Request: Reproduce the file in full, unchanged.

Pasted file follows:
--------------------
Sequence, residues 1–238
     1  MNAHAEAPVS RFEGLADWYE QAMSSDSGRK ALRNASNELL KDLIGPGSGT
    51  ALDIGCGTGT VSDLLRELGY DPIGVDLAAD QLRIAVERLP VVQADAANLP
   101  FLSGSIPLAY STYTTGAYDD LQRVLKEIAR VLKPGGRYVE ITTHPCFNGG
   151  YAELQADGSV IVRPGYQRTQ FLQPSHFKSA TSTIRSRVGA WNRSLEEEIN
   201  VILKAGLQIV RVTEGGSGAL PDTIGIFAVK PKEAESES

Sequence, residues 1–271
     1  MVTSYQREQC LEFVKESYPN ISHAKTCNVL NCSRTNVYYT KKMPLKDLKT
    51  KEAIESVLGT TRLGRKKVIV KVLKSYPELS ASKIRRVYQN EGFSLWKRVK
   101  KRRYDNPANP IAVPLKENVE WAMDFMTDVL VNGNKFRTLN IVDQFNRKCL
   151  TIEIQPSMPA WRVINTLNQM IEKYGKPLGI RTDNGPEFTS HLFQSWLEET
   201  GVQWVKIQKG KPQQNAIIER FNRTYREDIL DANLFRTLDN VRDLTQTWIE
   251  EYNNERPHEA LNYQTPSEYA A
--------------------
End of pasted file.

Sequence, residues 1–238
     1  MNAHAEAPVS RFEGLADWYE QAMSSDSGRK ALRNASNELL KDLIGPGSGT
    51  ALDIGCGTGT VSDLLRELGY DPIGVDLAAD QLRIAVERLP VVQADAANLP
   101  FLSGSIPLAY STYTTGAYDD LQRVLKEIAR VLKPGGRYVE ITTHPCFNGG
   151  YAELQADGSV IVRPGYQRTQ FLQPSHFKSA TSTIRSRVGA WNRSLEEEIN
   201  VILKAGLQIV RVTEGGSGAL PDTIGIFAVK PKEAESES

Sequence, residues 1–271
     1  MVTSYQREQC LEFVKESYPN ISHAKTCNVL NCSRTNVYYT KKMPLKDLKT
    51  KEAIESVLGT TRLGRKKVIV KVLKSYPELS ASKIRRVYQN EGFSLWKRVK
   101  KRRYDNPANP IAVPLKENVE WAMDFMTDVL VNGNKFRTLN IVDQFNRKCL
   151  TIEIQPSMPA WRVINTLNQM IEKYGKPLGI RTDNGPEFTS HLFQSWLEET
   201  GVQWVKIQKG KPQQNAIIER FNRTYREDIL DANLFRTLDN VRDLTQTWIE
   251  EYNNERPHEA LNYQTPSEYA A